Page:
Feynman Diagrams

Richard Feynman, born in 1918, was an American theoretical physicist, who played a major role in the field of quantum electrodynamics(QED) with a significant contribution.

He made a great contribution in promoting particle physics as well, using his other famous skill, in addition to being a brilliant scientist - ability to teach and share his knowledge in such a way that an audience could effortlessly understands it - and enjoy it too in equal measure.

Feynman's great contribution to the QED made him a recipient to share the Nobel prize for physics in 1965.The diagrams, which he came up with to explain the interaction between the sub atomic particles, came to be known as Feynman Diagrams, left an indelible mark in his illustrious legacy for years to come.

Richard Feynman died in 1988.

Feynman Diagrams

There are four fundamental forces in nature. They are:

1. Electromagnetic Force
2. Gravitational Attraction
3. Strong Interaction
4. Weak Interaction

Richard Feynman came up with a graphical representation of interactions, while taking into account the exchange particle or force carrier particle that plays the crucial role in them.

Feynman diagrams use a series of lines and vertices to illustrate the particle interactions. In addition, a wiggly line is used to represent the exchange particle. At each vertex, the following must be conserved:

1. Charge
2. Lepton Number
3. Baryon Number
4. Momentum
5. Energy

Now, let's look at a simple Feynman diagram. It shows the electromagnetic force of repulsion between two electrons:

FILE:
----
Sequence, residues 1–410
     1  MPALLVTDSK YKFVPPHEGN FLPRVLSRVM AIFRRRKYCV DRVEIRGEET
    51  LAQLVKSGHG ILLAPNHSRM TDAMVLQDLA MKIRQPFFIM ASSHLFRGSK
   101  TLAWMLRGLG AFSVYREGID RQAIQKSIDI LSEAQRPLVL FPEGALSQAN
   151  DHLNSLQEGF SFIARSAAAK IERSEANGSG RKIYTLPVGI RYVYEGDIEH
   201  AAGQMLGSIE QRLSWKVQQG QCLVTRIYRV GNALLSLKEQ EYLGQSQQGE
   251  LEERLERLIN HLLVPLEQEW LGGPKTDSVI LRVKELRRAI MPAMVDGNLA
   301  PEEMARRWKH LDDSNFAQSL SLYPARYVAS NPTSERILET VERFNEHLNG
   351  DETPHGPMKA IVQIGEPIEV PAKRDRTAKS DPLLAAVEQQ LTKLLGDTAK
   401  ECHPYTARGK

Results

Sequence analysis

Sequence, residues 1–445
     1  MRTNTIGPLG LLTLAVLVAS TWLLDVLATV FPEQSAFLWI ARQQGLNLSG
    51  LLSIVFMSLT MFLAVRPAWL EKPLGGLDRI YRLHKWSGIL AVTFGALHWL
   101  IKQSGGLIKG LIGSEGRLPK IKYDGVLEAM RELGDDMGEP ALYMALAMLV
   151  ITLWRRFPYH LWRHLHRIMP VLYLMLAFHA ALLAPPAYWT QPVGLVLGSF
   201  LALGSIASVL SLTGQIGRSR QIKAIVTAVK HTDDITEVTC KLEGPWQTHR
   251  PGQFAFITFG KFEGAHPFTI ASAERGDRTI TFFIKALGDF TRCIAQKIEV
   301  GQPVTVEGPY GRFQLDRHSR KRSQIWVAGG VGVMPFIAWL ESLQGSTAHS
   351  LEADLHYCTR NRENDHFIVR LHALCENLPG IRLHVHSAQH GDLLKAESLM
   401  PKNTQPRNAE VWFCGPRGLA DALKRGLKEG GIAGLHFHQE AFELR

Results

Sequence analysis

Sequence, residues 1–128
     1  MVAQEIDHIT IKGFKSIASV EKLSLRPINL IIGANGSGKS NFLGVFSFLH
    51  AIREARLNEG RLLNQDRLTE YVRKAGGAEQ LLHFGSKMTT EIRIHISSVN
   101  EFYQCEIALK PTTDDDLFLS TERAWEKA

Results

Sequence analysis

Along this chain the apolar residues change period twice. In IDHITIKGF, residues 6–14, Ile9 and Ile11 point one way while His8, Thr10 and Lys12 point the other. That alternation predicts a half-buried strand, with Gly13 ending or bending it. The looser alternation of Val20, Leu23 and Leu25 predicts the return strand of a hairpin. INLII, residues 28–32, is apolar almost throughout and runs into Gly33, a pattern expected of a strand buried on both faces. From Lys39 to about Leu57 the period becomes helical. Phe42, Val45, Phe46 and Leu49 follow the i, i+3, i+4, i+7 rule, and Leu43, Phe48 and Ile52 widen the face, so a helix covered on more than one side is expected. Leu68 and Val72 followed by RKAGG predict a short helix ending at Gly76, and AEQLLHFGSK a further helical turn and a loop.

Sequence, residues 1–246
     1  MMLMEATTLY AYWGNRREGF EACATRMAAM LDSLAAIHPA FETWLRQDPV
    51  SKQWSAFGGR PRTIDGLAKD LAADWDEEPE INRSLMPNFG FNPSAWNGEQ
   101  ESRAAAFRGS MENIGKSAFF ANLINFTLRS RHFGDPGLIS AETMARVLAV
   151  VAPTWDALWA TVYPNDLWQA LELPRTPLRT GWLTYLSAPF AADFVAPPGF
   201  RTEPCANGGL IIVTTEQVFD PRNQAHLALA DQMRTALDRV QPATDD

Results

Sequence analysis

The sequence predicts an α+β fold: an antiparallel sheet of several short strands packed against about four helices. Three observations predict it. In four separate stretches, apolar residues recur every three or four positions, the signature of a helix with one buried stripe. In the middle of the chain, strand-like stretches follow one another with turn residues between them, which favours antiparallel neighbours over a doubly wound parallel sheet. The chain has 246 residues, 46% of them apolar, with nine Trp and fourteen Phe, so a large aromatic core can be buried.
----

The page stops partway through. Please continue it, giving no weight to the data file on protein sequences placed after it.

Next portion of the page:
• The vertical axis represents time and the horizontal axis represents space.
• The total charge at both vertices remains -2.
• The first electron releases a photon to be received by the second electron, which in turn creates the force of repulsion.
• The momentum and energy are conserved. So are the baryon number and lepton numbers.

Electron Capture

Election Capture takes place when a proton from a proton-rich nucleus interact with an electron in an inner shell of the atom, just outside the nucleus.

W+ boson, the exchange particle, turns the electron into a neutrino.

Beta Decay

When a neutron or proton in an unstable nucleus emits a beta particle, the process is called beta decay. In both cases, the exchange particle is a W boson.

β- Decay

In this case, W-, released by the neutron, turns into an anti-neutrino and an electron - β- particle.

β+ Decay

In this case, W+, released by the proton, turns into an neutrino and an positron - β+ particle.

Neutron-neutrino Interaction

When a neutron interacts with a neutrino, a W- boson is released as the exchange particle, which in turn interacts with the neutrino to form the β- particle.

Proton-antineutrino Interaction

When a proton interacts with an antineutrino, a W+ boson is released as the exchange particle, which in turn interacts with the antineutrino to form the β+ particle.

Photons and W-bosons

Both photons and W-bosons are exchange particles or force carrier particles. Bosons, however, are different from photons, because,

1. Bosons have non-zero rest mass.
2. The range of bosons is less than 0.001 fm.
3. Bosons are positively or negatively charged.

Resources at Fingertips

This is a vast collection of tutorials, covering the syllabuses of GCSE, iGCSE, A-level and even at undergraduate level. They are organized according to these specific levels.
The most popular tutorial is the Book of Electricity, which comes at the top of Google search for electricity tutorials for GCSE / AS/ A-Level at present.
In addition, there are a few more which come at the top of Google search.They are all supported by an extensive collection of animations and interactive labs.

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